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Matshela Koko hijacks state capture inquiry, leads his own evidence

20 May 2021 - 08:19 By mawande amashabalala
Former Eskom group CEO Matshela Koko. File photo.
Former Eskom group CEO Matshela Koko. File photo.
Image: Veli Nhlapo

State capture inquiry evidence leader advocate Pule Seleka may want to bill the Zondo commission for watching former Eskom boss Matshela Koko lead his own evidence for most of Wednesday's session.

This after Koko hijacked the inquiry, led his own evidence, questioned himself and provided the answers on the controversial replacement of the Glencore-owned Optimum Coal Mine with the Gupta-owned Tegeta as Eskom's coal suppliers.

According to Koko, Optimum had to go as it “kicked me and Eskom on the face” and was intent on using its shareholder — then ANC deputy president Cyril Ramaphosa — to bully the power utility.

It was misguided of the commission, he said, to blame the elimination of Optimum for Tegeta on then Eskom CEO Brian Molefe because Koko, as group technology boss at the time, was the one who championed the process.

“Since Mr Ramaphosa and Glencore took over Optimum on March 26 2012, a host of illegal and irregular activities followed and that included non-payment of penalties up to the tune of R2bn that Eskom was entitled to,” said Koko.

Koko said Optimum, using Ramaphosa as a shield, disregarded terms of the coal-supply agreement that they entered into with Eskom which stated that should an impasse ensue, an aggrieved party should go for arbitration.

Instead, he charged, Optimum opted to place their company in business rescue in an attempt to strong-arm Eskom into agreeing with a proposed coal price hike that the power utility could not afford, of which Glencore wanted to benefit more than R5bn.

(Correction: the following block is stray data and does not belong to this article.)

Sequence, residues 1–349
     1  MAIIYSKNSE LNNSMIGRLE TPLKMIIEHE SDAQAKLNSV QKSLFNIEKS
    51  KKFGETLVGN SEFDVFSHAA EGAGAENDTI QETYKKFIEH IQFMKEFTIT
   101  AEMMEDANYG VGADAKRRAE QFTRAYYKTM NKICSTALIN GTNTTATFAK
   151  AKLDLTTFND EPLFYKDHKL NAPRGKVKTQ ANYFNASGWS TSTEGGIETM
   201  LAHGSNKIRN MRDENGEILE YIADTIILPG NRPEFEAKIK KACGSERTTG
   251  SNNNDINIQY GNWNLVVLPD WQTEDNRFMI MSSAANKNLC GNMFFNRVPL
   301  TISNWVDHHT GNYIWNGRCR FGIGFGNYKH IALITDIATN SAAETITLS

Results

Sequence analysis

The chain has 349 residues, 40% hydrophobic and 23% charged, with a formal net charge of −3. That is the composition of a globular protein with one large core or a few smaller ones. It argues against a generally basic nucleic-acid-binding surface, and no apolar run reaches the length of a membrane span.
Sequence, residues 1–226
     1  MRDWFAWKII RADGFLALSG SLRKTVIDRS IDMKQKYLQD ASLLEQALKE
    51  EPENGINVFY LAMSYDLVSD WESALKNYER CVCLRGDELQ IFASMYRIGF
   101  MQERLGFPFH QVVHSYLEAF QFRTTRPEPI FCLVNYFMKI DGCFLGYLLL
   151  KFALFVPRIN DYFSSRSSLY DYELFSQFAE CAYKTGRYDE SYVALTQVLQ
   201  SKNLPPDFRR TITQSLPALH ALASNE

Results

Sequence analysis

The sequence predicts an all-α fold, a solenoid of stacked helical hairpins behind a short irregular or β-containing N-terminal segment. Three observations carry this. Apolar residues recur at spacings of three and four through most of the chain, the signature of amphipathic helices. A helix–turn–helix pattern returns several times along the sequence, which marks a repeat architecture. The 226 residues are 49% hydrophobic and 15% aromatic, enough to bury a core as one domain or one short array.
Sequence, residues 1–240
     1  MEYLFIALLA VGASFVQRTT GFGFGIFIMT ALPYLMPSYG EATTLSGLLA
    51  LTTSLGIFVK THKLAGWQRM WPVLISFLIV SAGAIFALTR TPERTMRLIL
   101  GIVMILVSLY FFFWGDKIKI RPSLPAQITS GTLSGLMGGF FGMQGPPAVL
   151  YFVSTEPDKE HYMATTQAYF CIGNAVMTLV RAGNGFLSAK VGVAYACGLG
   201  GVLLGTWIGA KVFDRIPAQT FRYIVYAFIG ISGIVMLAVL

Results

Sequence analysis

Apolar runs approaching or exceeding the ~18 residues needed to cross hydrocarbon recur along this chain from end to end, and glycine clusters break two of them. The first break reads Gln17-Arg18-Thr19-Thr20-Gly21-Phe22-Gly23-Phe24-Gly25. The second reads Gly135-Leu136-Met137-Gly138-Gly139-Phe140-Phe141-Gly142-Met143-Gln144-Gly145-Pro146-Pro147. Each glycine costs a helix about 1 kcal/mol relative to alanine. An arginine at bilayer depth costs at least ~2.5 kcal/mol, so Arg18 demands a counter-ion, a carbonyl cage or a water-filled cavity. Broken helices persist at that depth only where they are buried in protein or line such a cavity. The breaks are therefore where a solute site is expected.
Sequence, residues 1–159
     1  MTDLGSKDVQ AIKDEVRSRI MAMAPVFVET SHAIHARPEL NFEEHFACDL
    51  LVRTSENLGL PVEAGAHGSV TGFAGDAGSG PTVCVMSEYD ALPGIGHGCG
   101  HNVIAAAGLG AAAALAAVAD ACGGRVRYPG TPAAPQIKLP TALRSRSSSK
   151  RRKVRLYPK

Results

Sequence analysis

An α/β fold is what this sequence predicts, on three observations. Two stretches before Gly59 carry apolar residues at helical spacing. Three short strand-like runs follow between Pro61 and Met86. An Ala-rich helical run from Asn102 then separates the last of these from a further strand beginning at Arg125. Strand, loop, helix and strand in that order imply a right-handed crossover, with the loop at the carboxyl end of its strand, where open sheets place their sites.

Koko said Optimum “kicked me on the face” when they rejected an Eskom board-approved price hike.

It was on August 12 2014, said Koko, that Eskom executives at its primary energy division made a submission to the board to convince them that Optimum could no longer afford supplying coal at Hendrina power station at the agreed price of R154 per ton.

Optimum proposed an increase to R285 per ton.

“The [Eskom] board say to us the current price causing hardship to Optimum is R154 per ton and we are giving you [Eskom executive] to go and negotiate between R196 per ton to R296 per ton and it was an exciting moment,” said Koko.

Koko said this happened due to Eskom's generosity as the company was well within its right to refuse Optimum’s proposed increase because it was outside an agreed contract.

Despite this, Optimum apparently rejected Eskom’s offer and wanted the amount increased to more than R450 per ton before demanding R513 per ton, said Koko. 

Commission chairperson deputy chief justice Raymond Zondo chipped in: “It is a very interesting and strange thing. Look at it this way, for instance in the context of a trade union which says we want you to increase the salaries of our employees by 10%.  

“And then a division of the employer goes to the board and says we want to resolve this issue. The board says go back, you can negotiate even if it is more than 10% up to 20% but do not come back to us, settle it. All that the employer delegation has to do is to say [to the union] we accept your proposal of 10% and the whole thing is done.”

Koko said Optimum instead made a new proposal for the price to be hiked to R442 per ton of coal supplied.

“This proposal was going to cost Eskom R55bn that Eskom did not have and the associates of Mr Ramaphosa (Optimum) thought they were entitled to it.

“The proposal of Optimum for R442 was going to cost Eskom R5.5bn and we could not fund it from equity injection, we could not fund it from the debt, so it was out of the question. It is not reasons of state capture that we did not fund it, there was just no money.”

This was the moment that broke the camel’s back in the relationship between Eskom and Optimum as no new coal supply agreement could be reached owing to non-affordability, said Koko.

And Optimum, instead of going for arbitration as per the coal supply agreement, went the business rescue route, plunging Eskom into an unprecedented crisis as a search for new suppliers ensued. 

“It was not because of state capture reasons or Mr (Brian) Molefe at Eskom. There was no funding for it [Optimum's demand]. The rest is hearsay and politics of the ANC,” said Koko.

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